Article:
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reddheadnla1974
January 4, 2009, 07:35 PM
I am looking for a Good revolver to hunt with. What would be a good strong one to get. What do you recommend?

reddheadnla1974
January 4, 2009, 07:45 PM
I was thinling about hog hunting or deer hunting close range. What is stronger than an 1858 remmy .44. I am looking for a real strong one.Thanks

simonkenton
January 4, 2009, 07:49 PM
I killed a 140 pound wild hog with two lung shots from a .45 acp, so I am sure you could do the same with a cap and ball pistol.
I made that kill at 30 yards and I wouldn't go any farther with the black powder pistol.
Do you mean a strong frame, or a strong powder charge?
The biggest powder charge is with the Walker Colt.

On those hogs stay away from that thick shoulder shield and go for the lung shot and you should do well.

reddheadnla1974
January 4, 2009, 08:01 PM
I have been wondering about a walker. I had an 1858 target, and I loved it but I want something with a little more umpf to it.

Hawg
January 4, 2009, 08:25 PM
Sounds like it's Walker time.:cool:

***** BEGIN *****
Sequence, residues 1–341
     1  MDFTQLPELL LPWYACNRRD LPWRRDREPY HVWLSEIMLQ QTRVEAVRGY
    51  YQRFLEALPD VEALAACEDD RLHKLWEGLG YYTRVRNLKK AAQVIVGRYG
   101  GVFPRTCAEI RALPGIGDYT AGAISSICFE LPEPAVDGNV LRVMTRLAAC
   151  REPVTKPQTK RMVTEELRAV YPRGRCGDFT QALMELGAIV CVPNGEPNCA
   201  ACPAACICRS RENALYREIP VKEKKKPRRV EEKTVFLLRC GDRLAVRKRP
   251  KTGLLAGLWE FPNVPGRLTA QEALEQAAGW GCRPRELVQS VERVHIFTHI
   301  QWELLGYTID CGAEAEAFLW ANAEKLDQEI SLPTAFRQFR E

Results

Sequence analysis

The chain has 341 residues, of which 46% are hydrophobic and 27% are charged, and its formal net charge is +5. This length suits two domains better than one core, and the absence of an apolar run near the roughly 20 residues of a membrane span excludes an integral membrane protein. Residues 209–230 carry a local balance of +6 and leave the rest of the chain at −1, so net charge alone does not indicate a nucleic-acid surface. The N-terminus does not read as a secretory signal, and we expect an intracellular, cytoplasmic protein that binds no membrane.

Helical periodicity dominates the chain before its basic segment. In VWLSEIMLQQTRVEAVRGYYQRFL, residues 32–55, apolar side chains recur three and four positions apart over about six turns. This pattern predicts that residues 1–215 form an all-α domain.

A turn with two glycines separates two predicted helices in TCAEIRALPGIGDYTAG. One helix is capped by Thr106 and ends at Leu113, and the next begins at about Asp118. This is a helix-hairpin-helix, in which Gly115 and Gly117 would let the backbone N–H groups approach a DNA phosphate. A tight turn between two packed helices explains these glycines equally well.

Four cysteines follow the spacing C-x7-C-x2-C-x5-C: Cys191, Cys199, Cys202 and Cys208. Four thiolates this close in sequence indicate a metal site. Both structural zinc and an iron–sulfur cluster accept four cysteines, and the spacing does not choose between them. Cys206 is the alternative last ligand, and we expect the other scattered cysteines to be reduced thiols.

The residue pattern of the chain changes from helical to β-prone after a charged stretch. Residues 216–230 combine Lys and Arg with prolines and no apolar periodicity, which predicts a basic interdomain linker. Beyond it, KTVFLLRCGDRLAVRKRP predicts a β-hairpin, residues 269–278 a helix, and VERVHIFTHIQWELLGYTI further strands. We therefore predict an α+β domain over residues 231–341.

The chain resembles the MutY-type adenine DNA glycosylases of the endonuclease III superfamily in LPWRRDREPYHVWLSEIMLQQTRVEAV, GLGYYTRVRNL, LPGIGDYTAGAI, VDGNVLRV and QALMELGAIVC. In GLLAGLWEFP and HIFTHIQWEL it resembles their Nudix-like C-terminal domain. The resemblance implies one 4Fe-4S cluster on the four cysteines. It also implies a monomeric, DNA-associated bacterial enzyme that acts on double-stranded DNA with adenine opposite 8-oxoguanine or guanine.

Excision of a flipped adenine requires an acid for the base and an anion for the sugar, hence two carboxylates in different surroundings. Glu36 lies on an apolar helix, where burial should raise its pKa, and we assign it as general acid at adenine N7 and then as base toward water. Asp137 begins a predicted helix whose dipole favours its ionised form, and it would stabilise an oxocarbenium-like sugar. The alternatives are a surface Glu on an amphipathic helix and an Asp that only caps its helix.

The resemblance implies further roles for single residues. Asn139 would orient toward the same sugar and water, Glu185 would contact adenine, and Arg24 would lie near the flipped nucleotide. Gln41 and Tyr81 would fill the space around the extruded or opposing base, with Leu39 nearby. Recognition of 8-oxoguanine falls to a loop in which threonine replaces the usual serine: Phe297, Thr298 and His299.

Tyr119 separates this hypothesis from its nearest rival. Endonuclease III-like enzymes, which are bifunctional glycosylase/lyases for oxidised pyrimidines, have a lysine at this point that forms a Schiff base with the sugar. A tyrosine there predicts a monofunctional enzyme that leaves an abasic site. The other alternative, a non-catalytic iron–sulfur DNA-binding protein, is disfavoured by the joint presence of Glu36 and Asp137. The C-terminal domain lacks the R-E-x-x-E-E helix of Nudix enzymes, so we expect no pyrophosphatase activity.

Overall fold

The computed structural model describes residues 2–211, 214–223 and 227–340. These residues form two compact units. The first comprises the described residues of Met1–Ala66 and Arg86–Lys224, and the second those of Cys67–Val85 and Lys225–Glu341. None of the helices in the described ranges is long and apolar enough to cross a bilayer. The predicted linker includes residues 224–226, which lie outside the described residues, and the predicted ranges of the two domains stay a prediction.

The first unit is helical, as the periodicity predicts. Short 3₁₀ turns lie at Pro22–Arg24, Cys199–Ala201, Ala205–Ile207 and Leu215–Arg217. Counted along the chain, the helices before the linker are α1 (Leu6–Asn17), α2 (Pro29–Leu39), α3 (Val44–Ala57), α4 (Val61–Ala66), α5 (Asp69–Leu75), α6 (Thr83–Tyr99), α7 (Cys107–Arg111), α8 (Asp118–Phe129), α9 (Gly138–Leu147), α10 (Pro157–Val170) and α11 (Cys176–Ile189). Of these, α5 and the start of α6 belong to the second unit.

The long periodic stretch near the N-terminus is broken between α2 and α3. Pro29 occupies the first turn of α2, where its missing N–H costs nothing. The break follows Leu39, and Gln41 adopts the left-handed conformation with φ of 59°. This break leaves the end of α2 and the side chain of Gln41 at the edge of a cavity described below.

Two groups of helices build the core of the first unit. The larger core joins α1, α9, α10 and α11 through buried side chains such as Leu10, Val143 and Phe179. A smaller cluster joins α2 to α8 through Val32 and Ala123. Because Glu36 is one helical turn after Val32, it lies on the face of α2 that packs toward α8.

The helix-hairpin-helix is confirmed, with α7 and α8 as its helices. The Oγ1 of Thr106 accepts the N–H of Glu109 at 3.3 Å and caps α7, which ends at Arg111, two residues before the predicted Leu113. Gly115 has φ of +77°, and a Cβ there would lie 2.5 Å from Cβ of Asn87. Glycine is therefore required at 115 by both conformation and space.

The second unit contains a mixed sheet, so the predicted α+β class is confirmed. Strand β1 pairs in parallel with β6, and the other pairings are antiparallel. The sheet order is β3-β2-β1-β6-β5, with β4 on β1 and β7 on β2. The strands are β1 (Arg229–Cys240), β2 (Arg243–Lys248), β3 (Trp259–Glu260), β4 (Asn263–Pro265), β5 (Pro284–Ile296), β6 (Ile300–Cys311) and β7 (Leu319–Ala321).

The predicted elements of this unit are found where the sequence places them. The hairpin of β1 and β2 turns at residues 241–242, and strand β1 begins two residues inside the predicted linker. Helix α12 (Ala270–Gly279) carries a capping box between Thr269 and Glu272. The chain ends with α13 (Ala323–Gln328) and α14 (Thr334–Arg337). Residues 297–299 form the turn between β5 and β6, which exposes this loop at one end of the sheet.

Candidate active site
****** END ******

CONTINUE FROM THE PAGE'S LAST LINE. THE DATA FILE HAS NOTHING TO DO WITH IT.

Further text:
reddheadnla1974
January 4, 2009, 08:40 PM
Are there any draw backs to the walker?

kirpi97
January 4, 2009, 09:06 PM
Only the sticker price. Walkers command a higher premium. Even in a down market, I haven't seen them fall from grace. There you have it. The only reason I do not have a Walker in my collection.

reddheadnla1974
January 4, 2009, 09:14 PM
Yea I just started looking at some, and wnen I got back up off of the floor I bid on one. They are a little lot high.

dmwphoto
January 4, 2009, 09:15 PM
ruger Redhawk or super Redhawk in 44 magnum is what Iw would reccomend along with hundreds of hours of practice

Hawg
January 4, 2009, 09:30 PM
Wrong forum for them new fangled cartridge thingy's.:eek: :p :D

mykeal
January 4, 2009, 09:49 PM
You might consider one of the Colt Dragoons or the Rogers and Spencer. Both are large frame .44 cal revolvers that are capable of large loads - they don't hold 60 grains like the Walker but they are good, accurate guns and are generally less expensive.

4V50 Gary
January 4, 2009, 10:21 PM
The only modern revolver I'd consider carrying would be a Ruger Old Army.

Now, if I was scared and didn't want to trust my life on a cap 'n ball, I'd go with my Model 29. :p

reddheadnla1974